While food is definitely key to survival, our cultural differences make it so much more than that. It allows us to experience different tastes and textures, which can be an exciting experience, coupled with social pleasures. But despite this, many people see food as something that shouldn’t be enjoyed, or struggle with eating certain things. Close to 3 million people in the UK deal with disordered eating in one way or another. This is usually the result of people having a poor relationship with the food they eat in their minds. To address this, here are 7 ways to improve your relationship with food. If you have tried these, please feel free to reach out to an eating disorder therapist with us here.
Stop Labelling Foods as Naughty or Healthy
One of the biggest mistakes we make in categorising our food is demonising entire food groups. It’s why we see a plate of greens as the ideal meal and a slice of pizza as the devil incarnate. Sure, one may be more beneficial for your overall well-being, but no food is bad or good. When you associate certain foods with moral characteristics, you give them power over you. It explains why we punish ourselves and feel guilty when we deviate from a diet, which usually results in feelings of hopelessness and consequently, overeating.
Maintain a Food Journal
The word ‘balance’ is thrown around quite a lot when ascribing nutrition to meals. But unless you calculate the exact energy and nutritional values of foods, it’s impossible to know if what you’re eating is balanced or not. Relying on labels without logging and checking values isn’t always the best way. The best way to make sure your plate has plenty of diversity is to keep track of the food you’re eating.
Recording your meals in a food journal or an app like my fitness pal helps you look back on what you’ve eaten and reflect on your choices. Chances are that seeing the repetition of a certain food will encourage you to be more adventurous and try new things.
Don’t Punish Yourself for Eating Certain Foods
A common aspect of disordered eating involves punishing yourself for eating something naughty.’ What usually follows is that you try to make amends by practicing highly restrictive eating cut back on calories. Or, they engage in excess amounts of exercise to burn off the calories they consumed.
Either way, it leads to disturbed eating patterns that can take a toll on your mental health. The punishment model is also dangerous because it increases the risk of overheating due to highly rigid standards. We often try to avoid certain foods entirely, which makes us feel like we failed whenever we have an occasional treat. This can lead to binge eating because if you had a little bit, you might as well have the entire bowl right. And so, the guilt-restricted eating-binge eating cycle continues.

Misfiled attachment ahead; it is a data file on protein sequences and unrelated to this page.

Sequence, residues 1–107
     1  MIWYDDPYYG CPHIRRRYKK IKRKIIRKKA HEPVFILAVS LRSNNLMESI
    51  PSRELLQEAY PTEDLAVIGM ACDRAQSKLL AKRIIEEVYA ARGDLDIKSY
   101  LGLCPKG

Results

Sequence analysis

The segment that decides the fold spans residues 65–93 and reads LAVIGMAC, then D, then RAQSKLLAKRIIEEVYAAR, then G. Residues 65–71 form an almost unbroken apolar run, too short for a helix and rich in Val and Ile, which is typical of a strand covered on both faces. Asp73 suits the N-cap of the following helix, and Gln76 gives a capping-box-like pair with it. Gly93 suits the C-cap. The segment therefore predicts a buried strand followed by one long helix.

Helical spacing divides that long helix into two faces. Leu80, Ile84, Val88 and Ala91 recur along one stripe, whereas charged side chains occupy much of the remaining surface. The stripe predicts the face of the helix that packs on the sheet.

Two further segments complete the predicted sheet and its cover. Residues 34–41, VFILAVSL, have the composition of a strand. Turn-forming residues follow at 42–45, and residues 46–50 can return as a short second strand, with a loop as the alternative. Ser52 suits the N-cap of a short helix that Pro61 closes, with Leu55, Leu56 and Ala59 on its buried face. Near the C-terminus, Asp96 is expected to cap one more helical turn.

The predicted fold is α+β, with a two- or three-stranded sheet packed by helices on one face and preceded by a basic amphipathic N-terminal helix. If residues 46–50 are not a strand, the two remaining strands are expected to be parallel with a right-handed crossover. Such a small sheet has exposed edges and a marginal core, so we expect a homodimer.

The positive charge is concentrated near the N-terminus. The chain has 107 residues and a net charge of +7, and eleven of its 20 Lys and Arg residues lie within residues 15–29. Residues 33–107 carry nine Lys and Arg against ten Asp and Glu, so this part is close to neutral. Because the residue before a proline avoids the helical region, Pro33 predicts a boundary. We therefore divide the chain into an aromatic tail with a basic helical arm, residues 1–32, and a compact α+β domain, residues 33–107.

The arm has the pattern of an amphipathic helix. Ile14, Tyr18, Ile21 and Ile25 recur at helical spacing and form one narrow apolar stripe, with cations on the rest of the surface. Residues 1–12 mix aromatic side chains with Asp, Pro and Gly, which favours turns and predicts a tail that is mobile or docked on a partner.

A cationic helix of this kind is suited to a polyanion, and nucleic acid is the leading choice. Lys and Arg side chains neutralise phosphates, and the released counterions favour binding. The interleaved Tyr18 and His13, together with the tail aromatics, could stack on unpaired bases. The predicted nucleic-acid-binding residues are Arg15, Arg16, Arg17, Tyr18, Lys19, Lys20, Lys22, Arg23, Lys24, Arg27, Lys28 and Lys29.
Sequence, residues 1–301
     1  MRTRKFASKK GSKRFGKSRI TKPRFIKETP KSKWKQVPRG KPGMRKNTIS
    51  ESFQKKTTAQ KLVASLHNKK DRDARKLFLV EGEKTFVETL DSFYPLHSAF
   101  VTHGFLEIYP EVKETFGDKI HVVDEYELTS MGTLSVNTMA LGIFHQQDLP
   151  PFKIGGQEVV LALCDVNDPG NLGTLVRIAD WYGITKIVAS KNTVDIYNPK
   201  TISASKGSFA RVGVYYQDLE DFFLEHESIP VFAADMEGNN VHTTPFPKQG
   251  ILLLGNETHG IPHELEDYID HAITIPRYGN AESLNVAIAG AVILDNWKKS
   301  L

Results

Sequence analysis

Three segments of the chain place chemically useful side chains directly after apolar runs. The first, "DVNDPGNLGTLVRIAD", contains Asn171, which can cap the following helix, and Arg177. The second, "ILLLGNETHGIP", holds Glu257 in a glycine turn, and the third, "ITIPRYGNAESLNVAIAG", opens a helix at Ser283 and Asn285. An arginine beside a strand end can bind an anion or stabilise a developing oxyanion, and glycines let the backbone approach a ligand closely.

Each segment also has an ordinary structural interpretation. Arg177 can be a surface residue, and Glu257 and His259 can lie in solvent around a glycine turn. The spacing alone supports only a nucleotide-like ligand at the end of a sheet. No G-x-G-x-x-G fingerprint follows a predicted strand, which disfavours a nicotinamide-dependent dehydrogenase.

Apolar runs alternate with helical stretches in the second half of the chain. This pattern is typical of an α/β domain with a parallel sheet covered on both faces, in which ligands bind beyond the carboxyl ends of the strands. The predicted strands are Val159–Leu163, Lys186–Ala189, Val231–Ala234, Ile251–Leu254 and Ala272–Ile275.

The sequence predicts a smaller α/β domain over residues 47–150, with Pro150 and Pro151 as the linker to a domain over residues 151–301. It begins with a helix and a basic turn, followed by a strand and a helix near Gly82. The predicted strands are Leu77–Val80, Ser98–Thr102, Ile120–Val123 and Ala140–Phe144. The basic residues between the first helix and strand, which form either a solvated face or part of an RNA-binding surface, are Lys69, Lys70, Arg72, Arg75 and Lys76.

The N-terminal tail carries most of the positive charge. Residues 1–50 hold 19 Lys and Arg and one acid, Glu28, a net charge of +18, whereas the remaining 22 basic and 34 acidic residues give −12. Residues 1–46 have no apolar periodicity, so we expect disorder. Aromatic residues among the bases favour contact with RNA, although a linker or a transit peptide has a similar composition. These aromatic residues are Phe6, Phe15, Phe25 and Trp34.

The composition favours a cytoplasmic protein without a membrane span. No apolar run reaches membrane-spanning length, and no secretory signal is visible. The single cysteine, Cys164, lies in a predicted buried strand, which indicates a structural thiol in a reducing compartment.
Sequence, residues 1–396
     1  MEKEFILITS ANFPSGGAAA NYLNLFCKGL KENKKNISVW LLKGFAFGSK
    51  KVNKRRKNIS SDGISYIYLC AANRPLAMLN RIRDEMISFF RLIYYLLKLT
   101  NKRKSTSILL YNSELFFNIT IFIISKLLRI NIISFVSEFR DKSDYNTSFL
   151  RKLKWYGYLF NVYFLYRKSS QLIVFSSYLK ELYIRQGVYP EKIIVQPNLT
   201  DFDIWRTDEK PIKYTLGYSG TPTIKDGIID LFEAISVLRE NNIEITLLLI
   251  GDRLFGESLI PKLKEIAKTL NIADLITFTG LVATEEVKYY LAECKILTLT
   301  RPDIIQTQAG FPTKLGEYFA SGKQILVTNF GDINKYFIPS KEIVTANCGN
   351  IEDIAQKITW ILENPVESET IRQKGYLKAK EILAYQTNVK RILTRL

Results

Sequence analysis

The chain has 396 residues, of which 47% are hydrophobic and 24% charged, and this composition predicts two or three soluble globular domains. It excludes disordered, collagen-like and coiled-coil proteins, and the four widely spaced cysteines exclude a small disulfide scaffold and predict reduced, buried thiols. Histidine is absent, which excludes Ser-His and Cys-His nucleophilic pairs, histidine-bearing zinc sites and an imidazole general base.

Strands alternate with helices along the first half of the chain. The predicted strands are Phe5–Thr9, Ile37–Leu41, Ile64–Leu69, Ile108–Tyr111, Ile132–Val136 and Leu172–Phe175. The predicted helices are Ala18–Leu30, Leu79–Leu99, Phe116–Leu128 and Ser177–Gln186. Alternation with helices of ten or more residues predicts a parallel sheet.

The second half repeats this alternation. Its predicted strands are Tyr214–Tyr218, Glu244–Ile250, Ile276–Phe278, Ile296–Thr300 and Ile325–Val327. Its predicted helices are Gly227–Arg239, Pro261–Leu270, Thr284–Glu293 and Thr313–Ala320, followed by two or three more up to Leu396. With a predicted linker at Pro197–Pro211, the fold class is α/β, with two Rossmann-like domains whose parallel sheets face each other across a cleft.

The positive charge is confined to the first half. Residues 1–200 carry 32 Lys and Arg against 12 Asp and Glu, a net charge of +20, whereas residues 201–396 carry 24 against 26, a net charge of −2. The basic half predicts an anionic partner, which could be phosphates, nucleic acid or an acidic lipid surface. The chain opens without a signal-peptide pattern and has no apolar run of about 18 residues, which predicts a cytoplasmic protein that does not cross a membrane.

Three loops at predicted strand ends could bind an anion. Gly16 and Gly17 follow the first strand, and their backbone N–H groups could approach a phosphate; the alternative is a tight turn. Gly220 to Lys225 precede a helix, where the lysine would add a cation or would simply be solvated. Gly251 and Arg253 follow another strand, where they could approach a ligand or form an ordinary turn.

Start Cooking Your Meals
Numerous mental health professionals emphasise mindfulness as a way to alleviate anxiety, and this applies to disordered eating as well. One of the ways to do this is to cook your own food. One of the major reasons we fail to be mindful of our food is that we usually get it prepared at a fast food restaurant or pop a tray in a microwave. When you make the effort to visit the grocery store, pick your ingredients, and cook your meals, you appreciate your meals a lot more. Like any other habit, this can grow and become simpler, even if it seems hard at first.
Listen To Your Body’s Hunger Cues
As babies, we were in tune with our body’s hunger signals. It explains why newborns never have fixed mealtimes–they feed when they’re hungry. Now, societal norms like having three meals a day and distractions like excessive screen time cause us fall out of sync with our body’s cues. To help you become more mindful of what you eat, evaluate what you think your body is asking for. A common example includes mistaking thirst for hunger and having snacks when your body is just asking for water.
Clear Up Your Social Media Feed
While food plays an important role in determining your health, it’s not the only factor. However, on social media, retouched photos of influencers are the embodiment of what health looks like. And when you see pictures of them holding a salad, it’s enough to strengthen the association between health and certain foods. By making comparisons, you automatically set yourself up for failure, so it’s best to clear up your social media feed and look at content through a different lens.
Talk to a Professional
Sure, you can come up with all the meal plans you want, but if you want to reset the way you experience, perceive, and enjoy food, you need to change your relationship with food. Speaking to a professional therapist is an effective way to get help on why you see food the way you do. Forming a new relationship with your body and food is paramount.